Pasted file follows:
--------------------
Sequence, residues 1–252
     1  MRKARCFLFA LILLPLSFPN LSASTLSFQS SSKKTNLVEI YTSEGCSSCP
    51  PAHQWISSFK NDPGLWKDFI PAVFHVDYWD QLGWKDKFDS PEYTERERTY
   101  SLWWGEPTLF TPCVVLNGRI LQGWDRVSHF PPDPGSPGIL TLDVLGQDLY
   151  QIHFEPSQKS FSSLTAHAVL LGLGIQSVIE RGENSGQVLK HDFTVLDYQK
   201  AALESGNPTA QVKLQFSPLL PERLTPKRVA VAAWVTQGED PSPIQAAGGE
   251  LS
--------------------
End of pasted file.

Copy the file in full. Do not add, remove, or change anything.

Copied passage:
Sequence, residues 1–252
     1  MRKARCFLFA LILLPLSFPN LSASTLSFQS SSKKTNLVEI YTSEGCSSCP
    51  PAHQWISSFK NDPGLWKDFI PAVFHVDYWD QLGWKDKFDS PEYTERERTY
   101  SLWWGEPTLF TPCVVLNGRI LQGWDRVSHF PPDPGSPGIL TLDVLGQDLY
   151  QIHFEPSQKS FSSLTAHAVL LGLGIQSVIE RGENSGQVLK HDFTVLDYQK
   201  AALESGNPTA QVKLQFSPLL PERLTPKRVA VAAWVTQGED PSPIQAAGGE
   251  LS